Across the United States, communities are partnering non-profit organizations, universities and local, state, and federal partners to prevent and manage invasive species by organizing Cooperative Weed Management Areas (CWMAs). These groups have many names, including Partnerships for Regional Invasive Species Management (PRISMs) or Cooperative Invasive Species Management Areas (CISMAS). No matter the name, these are local organizations that bring together landowners and managers to coordinate action and share information that effects all partners.
A CWMA is an informal, voluntary, non-regulatory organization that brings together stakeholders within a similar geographic region to share expertise and resources to manage common invasive species. CWMAs often function under the authority of a Memorandum of Understanding (MOU) or cooperative agreement developed by members and are led by an elected chairperson or steering committee. Together, cooperating partners develop a comprehensive approach to effectively managing species on a regional scale. These regional approaches can be highly developed and include plans for Early Detection and Rapid Response (EDRR) of new species, inventory and mapping of common species, education and training opportunities, monitoring, and habitat restoration following removal activities.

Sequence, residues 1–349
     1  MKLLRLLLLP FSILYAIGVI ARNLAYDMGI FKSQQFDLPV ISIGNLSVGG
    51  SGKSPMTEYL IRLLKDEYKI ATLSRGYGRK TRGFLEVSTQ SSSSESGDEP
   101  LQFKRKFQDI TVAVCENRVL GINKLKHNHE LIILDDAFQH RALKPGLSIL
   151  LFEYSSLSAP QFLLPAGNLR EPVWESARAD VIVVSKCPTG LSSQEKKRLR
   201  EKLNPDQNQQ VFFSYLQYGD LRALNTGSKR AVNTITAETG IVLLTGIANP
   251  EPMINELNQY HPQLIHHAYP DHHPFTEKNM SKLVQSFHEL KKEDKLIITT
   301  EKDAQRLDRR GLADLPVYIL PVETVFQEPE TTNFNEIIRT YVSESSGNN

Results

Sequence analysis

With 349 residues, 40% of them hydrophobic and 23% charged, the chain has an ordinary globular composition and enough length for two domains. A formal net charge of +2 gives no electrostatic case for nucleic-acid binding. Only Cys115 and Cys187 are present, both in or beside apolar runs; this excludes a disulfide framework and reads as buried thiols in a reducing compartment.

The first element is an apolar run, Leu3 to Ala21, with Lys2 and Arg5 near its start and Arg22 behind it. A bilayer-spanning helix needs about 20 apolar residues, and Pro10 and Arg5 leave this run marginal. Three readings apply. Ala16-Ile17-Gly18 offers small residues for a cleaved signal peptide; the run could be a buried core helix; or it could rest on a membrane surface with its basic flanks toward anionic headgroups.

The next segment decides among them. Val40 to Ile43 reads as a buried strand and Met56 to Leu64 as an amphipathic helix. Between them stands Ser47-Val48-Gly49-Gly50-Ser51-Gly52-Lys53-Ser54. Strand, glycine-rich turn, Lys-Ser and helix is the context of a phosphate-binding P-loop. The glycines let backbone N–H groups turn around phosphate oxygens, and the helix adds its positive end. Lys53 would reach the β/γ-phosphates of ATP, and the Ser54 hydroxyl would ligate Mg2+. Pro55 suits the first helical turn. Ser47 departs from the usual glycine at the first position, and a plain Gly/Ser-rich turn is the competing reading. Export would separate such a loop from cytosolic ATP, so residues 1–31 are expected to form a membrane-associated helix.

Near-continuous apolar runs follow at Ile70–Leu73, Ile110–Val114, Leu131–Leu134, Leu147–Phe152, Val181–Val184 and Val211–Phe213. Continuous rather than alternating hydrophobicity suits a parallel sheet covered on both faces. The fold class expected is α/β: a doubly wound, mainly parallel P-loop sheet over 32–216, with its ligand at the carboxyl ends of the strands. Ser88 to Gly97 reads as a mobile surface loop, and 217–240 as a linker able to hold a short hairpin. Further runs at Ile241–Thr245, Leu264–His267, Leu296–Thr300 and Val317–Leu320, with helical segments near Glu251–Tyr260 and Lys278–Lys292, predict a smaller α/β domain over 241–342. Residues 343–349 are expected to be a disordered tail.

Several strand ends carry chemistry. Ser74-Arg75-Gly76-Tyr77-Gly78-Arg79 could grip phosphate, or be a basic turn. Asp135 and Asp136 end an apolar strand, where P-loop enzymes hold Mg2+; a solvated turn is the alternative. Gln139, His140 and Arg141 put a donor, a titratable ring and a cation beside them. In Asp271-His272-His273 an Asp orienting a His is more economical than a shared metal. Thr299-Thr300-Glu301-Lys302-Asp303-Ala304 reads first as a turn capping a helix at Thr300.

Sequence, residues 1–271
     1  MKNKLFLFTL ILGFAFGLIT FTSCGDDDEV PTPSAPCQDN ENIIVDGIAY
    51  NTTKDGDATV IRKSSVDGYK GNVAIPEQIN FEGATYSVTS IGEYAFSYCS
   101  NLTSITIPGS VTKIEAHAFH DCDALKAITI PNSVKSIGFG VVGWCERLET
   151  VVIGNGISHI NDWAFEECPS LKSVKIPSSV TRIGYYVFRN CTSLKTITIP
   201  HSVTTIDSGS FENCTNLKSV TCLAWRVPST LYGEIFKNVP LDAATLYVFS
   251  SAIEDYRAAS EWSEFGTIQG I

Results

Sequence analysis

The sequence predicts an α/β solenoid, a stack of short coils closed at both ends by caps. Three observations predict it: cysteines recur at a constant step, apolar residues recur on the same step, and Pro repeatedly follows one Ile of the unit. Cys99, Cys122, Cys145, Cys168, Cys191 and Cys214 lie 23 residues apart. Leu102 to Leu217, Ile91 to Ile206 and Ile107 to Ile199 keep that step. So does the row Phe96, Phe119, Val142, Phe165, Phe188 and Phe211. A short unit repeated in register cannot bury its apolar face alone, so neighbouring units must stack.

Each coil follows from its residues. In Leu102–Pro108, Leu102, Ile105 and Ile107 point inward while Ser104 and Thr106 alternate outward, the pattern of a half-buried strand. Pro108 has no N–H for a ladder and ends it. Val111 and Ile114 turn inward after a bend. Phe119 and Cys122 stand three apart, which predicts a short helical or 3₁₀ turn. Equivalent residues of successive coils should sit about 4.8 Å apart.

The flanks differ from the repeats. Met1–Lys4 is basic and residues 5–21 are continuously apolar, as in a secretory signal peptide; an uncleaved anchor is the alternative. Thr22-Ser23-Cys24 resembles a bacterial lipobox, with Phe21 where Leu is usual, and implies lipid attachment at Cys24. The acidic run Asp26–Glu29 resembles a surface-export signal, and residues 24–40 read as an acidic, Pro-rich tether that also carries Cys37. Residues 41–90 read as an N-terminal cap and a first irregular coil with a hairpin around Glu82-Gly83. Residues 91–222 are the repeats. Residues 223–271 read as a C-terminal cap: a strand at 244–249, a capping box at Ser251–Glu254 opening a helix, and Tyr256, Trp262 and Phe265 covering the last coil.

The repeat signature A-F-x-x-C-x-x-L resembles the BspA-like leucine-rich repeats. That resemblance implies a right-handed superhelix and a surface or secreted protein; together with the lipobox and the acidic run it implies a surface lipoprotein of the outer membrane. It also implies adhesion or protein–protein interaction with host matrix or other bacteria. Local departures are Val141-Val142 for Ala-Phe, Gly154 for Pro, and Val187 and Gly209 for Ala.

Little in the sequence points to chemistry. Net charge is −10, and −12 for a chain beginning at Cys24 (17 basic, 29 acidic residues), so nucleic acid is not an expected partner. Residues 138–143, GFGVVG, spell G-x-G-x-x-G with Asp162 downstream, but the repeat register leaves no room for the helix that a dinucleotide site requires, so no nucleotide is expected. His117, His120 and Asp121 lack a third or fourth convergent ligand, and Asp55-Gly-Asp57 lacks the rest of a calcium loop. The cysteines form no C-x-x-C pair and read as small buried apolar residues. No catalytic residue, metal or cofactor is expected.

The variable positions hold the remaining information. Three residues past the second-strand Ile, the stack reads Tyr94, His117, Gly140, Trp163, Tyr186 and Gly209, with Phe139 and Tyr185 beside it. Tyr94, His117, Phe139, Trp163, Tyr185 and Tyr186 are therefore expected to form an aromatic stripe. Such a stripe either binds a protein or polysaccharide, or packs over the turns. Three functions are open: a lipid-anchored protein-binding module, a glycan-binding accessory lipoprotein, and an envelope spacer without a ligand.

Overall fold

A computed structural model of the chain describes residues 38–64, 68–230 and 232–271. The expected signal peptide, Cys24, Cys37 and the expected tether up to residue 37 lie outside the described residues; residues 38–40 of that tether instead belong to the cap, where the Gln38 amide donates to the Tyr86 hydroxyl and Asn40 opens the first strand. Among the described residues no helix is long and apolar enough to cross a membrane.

CWMAs and CISMAs typically have five characteristics:
1) A geographic area distinguished by a common geography, invasive species problem, community, climate, political boundary, or land use.
2) Involvement or representation of the majority of landowners or natural resource managers in a defined area.
3) Leadership team or steering committee.
4) A commitment to cooperation against a common issue.
5) Comprehensive plan that addresses the prevention or management of one or more invasive species.
Texas Mid-Coast Tri-County CWMA
Started in October 2013, as the first CWMA in the State of Texas covering three coastal Texas counties: Aransas, Calhoun and Refugio. The CWMA is targeting water hyacinth, giant reed, Chinese tallow tree, Brazilian peppertree, salt cedar and Guineagrass. Contact CWMA.
Texas Gulf Region CWMA
Started in 2014, the City of Port Aransas and initial partners the Texas A&M Forest Service and Lady Bird Johnson Wildflower Center initated one of the first CWMAs in the State of Texas to address Brazilian peppertree along the Texas Gulf coast. Since first identified in 2003, citizen scientists have since reported it occuring over a 385 mile stretach of coastline from Texas City to Brownsville.